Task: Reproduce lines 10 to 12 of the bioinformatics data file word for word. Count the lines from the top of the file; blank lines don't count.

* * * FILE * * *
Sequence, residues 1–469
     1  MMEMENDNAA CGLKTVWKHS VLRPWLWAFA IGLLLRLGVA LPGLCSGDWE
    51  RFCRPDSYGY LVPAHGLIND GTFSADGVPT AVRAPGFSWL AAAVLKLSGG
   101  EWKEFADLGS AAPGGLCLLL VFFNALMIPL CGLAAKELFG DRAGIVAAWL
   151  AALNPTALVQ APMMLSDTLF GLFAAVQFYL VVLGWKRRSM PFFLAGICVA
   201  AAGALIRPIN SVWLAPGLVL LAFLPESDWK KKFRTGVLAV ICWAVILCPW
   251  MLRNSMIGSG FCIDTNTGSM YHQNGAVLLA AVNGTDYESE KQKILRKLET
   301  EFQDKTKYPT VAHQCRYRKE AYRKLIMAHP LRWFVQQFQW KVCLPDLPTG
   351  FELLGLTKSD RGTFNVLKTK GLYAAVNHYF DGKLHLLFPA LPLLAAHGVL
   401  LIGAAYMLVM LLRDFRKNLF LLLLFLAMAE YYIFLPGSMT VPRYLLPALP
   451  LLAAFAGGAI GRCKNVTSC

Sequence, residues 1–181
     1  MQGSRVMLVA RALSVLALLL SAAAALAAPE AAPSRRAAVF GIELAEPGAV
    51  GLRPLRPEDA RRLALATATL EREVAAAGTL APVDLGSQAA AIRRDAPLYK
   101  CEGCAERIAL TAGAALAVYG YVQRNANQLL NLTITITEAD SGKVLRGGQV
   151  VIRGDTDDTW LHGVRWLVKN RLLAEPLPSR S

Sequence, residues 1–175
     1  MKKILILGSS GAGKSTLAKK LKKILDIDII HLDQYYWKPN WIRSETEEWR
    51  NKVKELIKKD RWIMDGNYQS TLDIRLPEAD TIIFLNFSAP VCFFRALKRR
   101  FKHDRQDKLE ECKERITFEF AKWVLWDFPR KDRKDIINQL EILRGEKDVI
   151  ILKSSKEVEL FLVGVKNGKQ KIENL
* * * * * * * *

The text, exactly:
   401  LIGAAYMLVM LLRDFRKNLF LLLLFLAMAE YYIFLPGSMT VPRYLLPALP
   451  LLAAFAGGAI GRCKNVTSC

Sequence, residues 1–181